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Is a Florida Estate Required to Pay Final Medical Expenses Without Proper Documentation?


It is not uncommon for a person to die leaving several outstanding bills or debts, including their final medical expenses. One of the key tasks of probate administration is to ensure any valid debts are paid using the available resources of the decedent’s estate. Of course, the personal representative is not required to pay any claim purely on the demand of the claimant, even if it is a family member. Rather, the personal representative has the right to seek proper documentation of the alleged debt, and if necessary take appropriate legal action to safeguard the estate’s interests.

Court Rejects Widow’s Claim for Additional Reimbursement of Late Husband’s Care Bill

A recent decision from the Florida Fifth District Court of Appeal, Negedly v. Smith, illustrates the types of disputes that may arise over a decedent’s debts. This case involves a Volusia County man who passed away in 2013 without leaving a will. An estate was opened in 2015.

Prior to the decedent’s passing, his wife entered into a payment agreement with a rehabilitation center where he was staying. After his death, the rehabilitation center sued the widow for the balance of his unpaid medical expenses. The center eventually settled its claim with the widow for $15,000. As part of the settlement, the center assigned the total value of its claim for unpaid medical bills to the widow.

The widow, in turn, filed a claim with the personal representative appointed to oversee her late husband’s estate, in which she demanded payment for the full amount of the medical bills. The personal representative denied the claim. The matter proceeded to a probate judge, who sided with the widow and ordered the estate to pay the full amount.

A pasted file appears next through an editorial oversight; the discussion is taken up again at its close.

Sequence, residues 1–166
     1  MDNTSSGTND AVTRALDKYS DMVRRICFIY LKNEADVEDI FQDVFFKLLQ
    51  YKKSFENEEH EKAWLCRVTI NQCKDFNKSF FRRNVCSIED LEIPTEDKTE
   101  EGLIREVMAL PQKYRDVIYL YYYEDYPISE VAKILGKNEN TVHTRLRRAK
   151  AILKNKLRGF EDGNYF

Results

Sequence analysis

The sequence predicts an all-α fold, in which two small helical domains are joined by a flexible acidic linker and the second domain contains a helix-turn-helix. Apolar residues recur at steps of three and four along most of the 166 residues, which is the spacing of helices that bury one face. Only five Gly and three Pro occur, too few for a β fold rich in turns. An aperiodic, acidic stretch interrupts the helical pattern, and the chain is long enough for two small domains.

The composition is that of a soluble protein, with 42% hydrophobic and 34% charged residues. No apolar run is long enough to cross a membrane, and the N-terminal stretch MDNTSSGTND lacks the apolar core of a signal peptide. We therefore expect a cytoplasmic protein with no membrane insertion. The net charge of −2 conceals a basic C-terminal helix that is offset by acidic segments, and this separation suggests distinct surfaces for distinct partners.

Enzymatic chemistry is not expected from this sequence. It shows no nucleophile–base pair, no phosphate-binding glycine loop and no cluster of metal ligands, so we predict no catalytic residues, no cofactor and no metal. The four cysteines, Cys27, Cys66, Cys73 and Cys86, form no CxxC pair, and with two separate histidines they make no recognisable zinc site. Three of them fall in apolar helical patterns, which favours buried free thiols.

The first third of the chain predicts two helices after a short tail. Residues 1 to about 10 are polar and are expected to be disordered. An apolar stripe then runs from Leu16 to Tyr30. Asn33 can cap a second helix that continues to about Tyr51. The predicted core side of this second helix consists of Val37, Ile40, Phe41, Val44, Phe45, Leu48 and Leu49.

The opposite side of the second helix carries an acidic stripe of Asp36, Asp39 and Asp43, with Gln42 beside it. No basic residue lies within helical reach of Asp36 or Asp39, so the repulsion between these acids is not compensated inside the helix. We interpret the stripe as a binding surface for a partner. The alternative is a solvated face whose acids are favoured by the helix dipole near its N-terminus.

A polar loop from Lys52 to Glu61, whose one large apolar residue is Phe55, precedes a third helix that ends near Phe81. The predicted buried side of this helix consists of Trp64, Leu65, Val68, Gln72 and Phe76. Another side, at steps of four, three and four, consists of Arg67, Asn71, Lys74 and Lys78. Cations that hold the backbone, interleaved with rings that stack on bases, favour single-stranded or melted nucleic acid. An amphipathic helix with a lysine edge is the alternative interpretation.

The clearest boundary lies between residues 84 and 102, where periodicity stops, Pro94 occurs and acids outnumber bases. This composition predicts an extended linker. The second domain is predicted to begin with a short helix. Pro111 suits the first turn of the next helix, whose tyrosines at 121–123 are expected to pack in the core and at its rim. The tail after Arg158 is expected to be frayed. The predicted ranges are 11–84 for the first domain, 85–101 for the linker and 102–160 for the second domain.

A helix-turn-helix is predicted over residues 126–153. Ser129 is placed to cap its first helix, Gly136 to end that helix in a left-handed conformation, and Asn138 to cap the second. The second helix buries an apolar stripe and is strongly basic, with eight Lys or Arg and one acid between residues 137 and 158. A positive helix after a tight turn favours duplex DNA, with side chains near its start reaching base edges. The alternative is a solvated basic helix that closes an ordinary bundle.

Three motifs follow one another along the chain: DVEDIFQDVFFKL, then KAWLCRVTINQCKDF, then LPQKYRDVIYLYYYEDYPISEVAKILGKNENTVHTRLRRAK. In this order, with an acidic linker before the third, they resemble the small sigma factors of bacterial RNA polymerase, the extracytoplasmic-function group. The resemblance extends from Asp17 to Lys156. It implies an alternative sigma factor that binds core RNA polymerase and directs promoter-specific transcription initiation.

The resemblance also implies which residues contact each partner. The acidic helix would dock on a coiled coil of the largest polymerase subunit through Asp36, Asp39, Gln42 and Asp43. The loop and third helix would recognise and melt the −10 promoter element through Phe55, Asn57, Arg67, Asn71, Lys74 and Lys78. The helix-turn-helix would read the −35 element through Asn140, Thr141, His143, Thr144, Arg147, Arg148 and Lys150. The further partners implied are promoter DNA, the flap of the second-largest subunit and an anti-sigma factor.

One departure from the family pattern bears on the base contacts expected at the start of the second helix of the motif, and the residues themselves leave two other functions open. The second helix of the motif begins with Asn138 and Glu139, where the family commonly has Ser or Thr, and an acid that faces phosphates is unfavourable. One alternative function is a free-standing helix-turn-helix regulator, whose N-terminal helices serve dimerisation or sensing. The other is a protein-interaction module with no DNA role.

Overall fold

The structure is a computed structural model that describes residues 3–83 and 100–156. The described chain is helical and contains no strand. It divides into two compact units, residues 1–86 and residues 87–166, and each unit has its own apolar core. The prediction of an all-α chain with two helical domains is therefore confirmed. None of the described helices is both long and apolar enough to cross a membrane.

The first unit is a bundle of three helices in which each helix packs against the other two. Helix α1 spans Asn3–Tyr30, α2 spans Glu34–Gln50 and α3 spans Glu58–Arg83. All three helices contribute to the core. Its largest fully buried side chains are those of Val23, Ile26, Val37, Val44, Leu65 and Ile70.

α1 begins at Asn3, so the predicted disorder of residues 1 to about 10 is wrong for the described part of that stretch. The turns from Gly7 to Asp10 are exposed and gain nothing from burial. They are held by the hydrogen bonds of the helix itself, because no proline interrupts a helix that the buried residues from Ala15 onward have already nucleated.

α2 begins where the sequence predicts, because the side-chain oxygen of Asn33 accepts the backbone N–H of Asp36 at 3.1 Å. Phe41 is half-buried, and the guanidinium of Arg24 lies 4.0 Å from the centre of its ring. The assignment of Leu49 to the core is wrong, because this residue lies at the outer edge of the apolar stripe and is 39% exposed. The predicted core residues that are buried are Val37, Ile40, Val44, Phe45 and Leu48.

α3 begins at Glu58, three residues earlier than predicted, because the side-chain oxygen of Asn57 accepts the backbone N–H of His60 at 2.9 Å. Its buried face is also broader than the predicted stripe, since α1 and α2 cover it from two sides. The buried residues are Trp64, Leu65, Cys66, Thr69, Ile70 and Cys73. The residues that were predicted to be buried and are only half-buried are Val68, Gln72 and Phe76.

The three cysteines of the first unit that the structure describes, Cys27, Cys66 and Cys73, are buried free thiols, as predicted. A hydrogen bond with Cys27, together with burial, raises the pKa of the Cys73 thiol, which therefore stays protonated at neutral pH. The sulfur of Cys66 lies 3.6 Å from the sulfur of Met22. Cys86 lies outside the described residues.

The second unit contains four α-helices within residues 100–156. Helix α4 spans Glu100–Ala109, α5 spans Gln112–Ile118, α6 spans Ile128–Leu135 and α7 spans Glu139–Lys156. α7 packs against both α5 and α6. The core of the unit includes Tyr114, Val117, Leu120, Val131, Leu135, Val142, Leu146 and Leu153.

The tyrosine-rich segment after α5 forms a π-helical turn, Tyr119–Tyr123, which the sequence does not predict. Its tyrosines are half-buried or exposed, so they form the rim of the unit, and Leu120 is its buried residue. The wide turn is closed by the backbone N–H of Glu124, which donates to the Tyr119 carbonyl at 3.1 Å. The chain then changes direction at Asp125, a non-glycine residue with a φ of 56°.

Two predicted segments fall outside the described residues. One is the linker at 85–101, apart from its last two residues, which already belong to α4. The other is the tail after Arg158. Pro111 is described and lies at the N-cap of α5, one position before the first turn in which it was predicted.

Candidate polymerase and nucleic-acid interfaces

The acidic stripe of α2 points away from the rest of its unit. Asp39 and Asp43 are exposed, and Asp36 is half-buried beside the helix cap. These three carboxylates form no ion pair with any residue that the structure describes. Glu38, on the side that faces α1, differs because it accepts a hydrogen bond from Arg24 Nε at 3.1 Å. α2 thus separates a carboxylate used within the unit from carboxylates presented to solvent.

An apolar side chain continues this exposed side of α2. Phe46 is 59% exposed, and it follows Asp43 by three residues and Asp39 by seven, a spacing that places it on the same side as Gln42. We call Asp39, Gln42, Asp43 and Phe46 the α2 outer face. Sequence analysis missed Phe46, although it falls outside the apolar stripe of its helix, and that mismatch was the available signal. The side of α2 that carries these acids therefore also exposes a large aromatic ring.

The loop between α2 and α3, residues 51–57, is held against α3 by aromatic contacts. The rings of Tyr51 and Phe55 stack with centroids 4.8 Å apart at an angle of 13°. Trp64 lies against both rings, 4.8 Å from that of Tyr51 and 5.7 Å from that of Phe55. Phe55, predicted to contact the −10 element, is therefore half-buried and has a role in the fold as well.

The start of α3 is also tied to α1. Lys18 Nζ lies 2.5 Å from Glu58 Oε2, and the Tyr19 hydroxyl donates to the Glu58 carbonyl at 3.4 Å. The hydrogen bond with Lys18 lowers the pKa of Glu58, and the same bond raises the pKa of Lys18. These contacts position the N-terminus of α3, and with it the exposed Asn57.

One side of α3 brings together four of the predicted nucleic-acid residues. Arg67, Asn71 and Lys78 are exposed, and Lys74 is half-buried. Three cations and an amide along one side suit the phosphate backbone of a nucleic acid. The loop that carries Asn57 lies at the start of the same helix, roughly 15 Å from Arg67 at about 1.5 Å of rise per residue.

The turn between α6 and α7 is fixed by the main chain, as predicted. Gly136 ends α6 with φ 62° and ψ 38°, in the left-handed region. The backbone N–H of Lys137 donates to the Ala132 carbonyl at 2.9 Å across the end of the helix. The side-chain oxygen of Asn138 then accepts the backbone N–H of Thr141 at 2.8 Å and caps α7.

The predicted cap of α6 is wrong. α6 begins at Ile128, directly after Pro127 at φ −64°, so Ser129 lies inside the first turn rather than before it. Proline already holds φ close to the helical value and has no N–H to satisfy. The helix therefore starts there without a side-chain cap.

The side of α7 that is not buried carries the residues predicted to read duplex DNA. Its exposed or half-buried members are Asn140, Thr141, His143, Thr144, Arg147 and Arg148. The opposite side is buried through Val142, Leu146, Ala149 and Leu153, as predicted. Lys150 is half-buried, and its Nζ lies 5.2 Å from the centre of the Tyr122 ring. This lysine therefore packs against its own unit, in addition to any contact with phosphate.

The Fifth District reversed the judge’s decision, however, because it was not “supported by competent, substantial evidence.” The appeals court explained that the probate judge had “relied on the rehabilitation center’s billing history, which had not been admitted into evidence.” Indeed, the only evidence presented was the widow’s own testimony regarding the fact she settled with the rehabilitation center for $15,000. In other words, the widow could only prove she was entitled to reimbursement for $15,000, and no the “full amount” of what her late husband allegedly owed the center. The Fifth District therefore modified the probate court’s award to limit the widow’s award to $15,000.

Speak with a Lee County, Florida, Probate Attorney Today

If you are the personal representative of an estate, you have every right–and obligation–to ensure any claim from a creditor is fully and properly documented before authorizing payment. At the same time, you need to be aware of the laws governing the priority of certain creditors so that you do not improperly favor certain creditors over others.

An experienced Fort Myers probate administration lawyer can advise you on this and many other topics. Contact the Kuhn Law Firm, P.A., at 239-333-4529 today if you are involved in the administration of a probate estate and need assistance.


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